In a recent decision, the Data Protection Agency criticised a municipality's control of the data security based on unauthorised persons' access to sensitive personal data stored on an employee's private IT equipment.

The reason for the case was that minutes of conversations from April 2013 to March 2015 between a number of employees with a municipality and the municipality's psychologist had been stored on an employee's private server after the employee had transferred a number of documents from the municipality's network to a USB device and from there to the employee's private server. The municipality claimed that it was due to a mistake that the employee took the data home. The data was then made available to unauthorised persons as the private server was hacked by an anonymous person according to the municipality. The anonymous person contacted the employee directly and recommended that the employee deleted the data, which the employee did right away.

The Data Protection Agency criticised that the sensitive data for which the municipality was responsible had been stored on an employee's private IT equipment where the municipality was not in control of the data security.  It was the Data Protection Agency's opinion that the municipality had not met the requirements of the Personal Data Act for necessary security measures.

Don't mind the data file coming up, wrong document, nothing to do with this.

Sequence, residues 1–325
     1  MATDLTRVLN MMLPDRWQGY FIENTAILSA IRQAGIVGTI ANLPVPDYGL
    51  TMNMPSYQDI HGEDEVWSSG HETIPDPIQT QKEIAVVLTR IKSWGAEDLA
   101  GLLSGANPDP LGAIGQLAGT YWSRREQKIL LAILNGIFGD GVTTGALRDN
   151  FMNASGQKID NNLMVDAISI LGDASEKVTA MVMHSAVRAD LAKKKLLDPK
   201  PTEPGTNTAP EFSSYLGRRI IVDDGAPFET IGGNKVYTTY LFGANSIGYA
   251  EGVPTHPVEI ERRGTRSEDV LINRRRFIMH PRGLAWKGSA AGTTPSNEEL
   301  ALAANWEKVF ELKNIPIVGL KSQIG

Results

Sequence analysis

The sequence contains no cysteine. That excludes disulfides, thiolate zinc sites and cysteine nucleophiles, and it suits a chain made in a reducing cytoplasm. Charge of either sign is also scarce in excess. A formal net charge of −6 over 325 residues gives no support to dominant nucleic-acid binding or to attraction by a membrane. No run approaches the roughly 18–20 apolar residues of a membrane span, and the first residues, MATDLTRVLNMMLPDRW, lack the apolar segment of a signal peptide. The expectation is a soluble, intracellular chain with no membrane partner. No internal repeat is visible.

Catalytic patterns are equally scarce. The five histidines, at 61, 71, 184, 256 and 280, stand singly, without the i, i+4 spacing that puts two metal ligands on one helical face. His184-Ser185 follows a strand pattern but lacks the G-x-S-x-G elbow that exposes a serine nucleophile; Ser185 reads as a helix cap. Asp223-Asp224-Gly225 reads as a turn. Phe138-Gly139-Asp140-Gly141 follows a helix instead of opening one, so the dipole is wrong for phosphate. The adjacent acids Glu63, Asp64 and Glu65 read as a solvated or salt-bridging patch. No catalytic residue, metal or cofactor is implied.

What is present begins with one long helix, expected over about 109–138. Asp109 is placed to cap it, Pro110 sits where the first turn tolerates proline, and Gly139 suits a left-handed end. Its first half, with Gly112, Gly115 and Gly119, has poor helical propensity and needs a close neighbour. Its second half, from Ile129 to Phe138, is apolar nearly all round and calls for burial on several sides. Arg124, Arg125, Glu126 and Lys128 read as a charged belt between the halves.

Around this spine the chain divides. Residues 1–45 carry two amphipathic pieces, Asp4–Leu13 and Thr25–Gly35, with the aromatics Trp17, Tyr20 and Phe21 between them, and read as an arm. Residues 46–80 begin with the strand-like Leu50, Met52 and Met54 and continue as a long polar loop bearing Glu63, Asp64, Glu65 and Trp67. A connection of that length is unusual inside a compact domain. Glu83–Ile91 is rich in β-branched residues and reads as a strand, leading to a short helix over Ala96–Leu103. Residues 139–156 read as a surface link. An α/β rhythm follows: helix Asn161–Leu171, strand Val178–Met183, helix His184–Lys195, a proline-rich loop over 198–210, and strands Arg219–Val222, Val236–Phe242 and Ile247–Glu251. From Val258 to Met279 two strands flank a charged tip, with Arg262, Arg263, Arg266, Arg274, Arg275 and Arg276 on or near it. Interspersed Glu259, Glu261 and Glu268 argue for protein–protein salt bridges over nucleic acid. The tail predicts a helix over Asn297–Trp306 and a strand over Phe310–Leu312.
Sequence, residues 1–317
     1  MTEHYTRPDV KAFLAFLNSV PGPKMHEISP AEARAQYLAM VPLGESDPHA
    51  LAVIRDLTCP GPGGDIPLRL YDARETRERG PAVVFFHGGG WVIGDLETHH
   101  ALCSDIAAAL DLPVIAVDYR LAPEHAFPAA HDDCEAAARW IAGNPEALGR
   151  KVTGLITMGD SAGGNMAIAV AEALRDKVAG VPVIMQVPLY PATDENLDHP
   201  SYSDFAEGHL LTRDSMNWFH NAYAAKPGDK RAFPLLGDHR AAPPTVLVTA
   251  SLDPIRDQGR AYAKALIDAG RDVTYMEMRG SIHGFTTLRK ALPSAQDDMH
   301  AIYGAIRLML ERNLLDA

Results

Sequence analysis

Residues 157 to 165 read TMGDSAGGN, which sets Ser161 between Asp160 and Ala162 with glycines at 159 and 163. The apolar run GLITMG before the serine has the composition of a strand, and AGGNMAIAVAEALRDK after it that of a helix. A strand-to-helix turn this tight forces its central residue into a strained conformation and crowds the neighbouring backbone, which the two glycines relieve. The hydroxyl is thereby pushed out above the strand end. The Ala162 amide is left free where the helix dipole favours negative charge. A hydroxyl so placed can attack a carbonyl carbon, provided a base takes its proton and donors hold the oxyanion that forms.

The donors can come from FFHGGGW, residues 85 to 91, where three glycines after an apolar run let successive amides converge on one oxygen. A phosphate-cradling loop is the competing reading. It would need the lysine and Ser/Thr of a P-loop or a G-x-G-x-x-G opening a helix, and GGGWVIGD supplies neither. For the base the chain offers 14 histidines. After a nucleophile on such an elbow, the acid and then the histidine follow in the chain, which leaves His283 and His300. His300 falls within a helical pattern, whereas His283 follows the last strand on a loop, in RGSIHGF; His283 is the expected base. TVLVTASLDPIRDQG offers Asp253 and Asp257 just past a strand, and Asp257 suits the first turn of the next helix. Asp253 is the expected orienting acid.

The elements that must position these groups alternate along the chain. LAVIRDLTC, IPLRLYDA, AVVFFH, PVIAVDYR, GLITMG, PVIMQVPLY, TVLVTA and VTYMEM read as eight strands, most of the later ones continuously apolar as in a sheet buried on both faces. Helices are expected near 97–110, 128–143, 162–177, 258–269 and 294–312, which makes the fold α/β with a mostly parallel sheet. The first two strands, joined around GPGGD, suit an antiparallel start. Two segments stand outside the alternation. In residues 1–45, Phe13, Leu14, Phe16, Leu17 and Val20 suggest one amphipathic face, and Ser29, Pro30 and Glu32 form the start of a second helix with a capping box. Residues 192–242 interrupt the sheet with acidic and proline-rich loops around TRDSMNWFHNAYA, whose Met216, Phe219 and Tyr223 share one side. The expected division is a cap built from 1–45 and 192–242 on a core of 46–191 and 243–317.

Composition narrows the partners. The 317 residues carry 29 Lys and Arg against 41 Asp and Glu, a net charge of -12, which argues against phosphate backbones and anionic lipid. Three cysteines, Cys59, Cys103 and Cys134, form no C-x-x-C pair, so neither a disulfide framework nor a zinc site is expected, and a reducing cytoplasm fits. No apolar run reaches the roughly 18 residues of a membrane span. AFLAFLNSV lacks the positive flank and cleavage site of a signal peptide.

Instruction of the employees as to the guidelines

In the decision, the Data Protection Agency recommends that the municipality lays down guidelines as to whether and in connection with which security measures data from the municipality's systems may be copied to USB devices.  The Data Protection Agency further recommends that the municipality intensifies its efforts to ensure that all employees are familiar with and comply with the municipality's guidelines stipulating that personal data for which the municipality is responsible may not be processed on the employees' private IT equipment.

Review the guidelines concerning security at least once a year

The Data Protection Agency further found reason to emphasise that the municipality's handbook on data security must be reviewed at least once a year to ensure that the rules are sufficient and reflect the actual circumstances. In this connection, the Data Protection Agency also emphasised that it appears from the Executive Order on Security that the municipality must lay down guidelines for the municipality's own supervision of the compliance with the security measures, and that the municipality must provide any necessary instruction to the employees processing personal data.